Common Areas to Be Treated
When it comes to the common areas where dry needling is used, research shows that the top three are the shoulder, neck, and lower back. This is likely due in part to the many muscles located in these regions that can become knotted or develop trigger points regularly from overuse or poor posture. However, dry needling isn’t limited to these three areas. Other popularly treated areas include the elbow, hip, knee, and foot.
While digital pressure or massage techniques applied directly onto trigger points within a muscle can be effective for releasing tension and reducing pain in some cases, dry needling can target deeper fibres and muscles that cannot always be effectively treated any other way. Moreover, people often report feeling less soreness after an initial treatment and faster overall discomfort reduction with subsequent treatments compared to when only manual forms of soft tissue work are used. Therefore, it is may be worth considering if you are struggling with chronic pain or tension in a particular area not mentioned above.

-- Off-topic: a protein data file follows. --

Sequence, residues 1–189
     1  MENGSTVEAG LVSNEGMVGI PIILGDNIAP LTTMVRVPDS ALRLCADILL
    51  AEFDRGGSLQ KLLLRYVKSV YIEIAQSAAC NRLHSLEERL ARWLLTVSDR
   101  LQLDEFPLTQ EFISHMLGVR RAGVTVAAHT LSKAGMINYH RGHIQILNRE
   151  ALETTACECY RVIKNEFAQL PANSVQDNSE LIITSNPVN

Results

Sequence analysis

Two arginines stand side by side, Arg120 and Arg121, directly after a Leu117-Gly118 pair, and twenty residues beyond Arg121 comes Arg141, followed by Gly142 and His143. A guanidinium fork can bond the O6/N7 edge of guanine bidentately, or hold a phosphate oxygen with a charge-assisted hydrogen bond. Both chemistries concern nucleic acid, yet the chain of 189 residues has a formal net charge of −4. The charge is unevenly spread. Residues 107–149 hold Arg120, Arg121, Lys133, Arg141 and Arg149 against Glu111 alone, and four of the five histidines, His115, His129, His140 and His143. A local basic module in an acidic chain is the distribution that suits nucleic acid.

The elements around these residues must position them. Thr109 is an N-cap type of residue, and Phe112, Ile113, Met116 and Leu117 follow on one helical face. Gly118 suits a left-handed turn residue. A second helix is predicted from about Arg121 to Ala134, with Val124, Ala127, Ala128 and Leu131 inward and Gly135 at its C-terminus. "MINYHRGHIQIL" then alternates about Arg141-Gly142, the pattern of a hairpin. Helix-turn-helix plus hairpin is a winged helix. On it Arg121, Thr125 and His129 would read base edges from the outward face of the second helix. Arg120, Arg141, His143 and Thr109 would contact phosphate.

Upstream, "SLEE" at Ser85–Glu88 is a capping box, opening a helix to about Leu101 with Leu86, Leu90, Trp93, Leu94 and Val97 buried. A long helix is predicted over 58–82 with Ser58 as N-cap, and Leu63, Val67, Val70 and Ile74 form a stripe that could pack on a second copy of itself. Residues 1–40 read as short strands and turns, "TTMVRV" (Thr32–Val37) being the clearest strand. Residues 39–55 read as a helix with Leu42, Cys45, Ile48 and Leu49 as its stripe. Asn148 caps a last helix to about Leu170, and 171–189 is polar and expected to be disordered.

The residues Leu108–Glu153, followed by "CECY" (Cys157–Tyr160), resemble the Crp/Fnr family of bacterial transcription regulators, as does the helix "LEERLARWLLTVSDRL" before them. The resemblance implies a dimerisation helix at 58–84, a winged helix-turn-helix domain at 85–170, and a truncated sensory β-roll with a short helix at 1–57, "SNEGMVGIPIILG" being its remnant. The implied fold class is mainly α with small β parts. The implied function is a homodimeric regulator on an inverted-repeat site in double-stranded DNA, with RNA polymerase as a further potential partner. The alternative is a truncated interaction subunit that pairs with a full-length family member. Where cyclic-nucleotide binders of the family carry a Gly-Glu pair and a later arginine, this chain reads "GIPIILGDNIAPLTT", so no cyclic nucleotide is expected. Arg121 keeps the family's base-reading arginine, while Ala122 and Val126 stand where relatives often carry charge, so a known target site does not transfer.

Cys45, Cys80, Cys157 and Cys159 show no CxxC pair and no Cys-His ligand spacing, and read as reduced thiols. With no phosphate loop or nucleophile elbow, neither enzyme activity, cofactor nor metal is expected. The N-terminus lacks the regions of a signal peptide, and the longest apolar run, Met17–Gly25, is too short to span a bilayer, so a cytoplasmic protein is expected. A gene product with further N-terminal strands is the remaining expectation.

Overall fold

Altogether it is clear that this method has its place in the recovery toolbox of both professionals and those hoping to increase their mobility and comfort at home as well. Now let’s take a look at what possible benefits this form of treatment provides.
Benefits of Dry Needling
When considering the benefits of dry needling, several advantages become apparent. Dry needling can be a more comfortable and less painful alternative to other treatments, such as injections or surgery. For example, patients with chronic plantar fasciitis may have decreased complications and pain associated with ‘needle fasciotomy,’ which is a form of minor surgery. Additionally, dry needling has been found to be beneficial in treating acute and chronic musculoskeletal injuries due to the release of myofascial trigger points (MTrPs), which are localized tight bands felt in the muscles.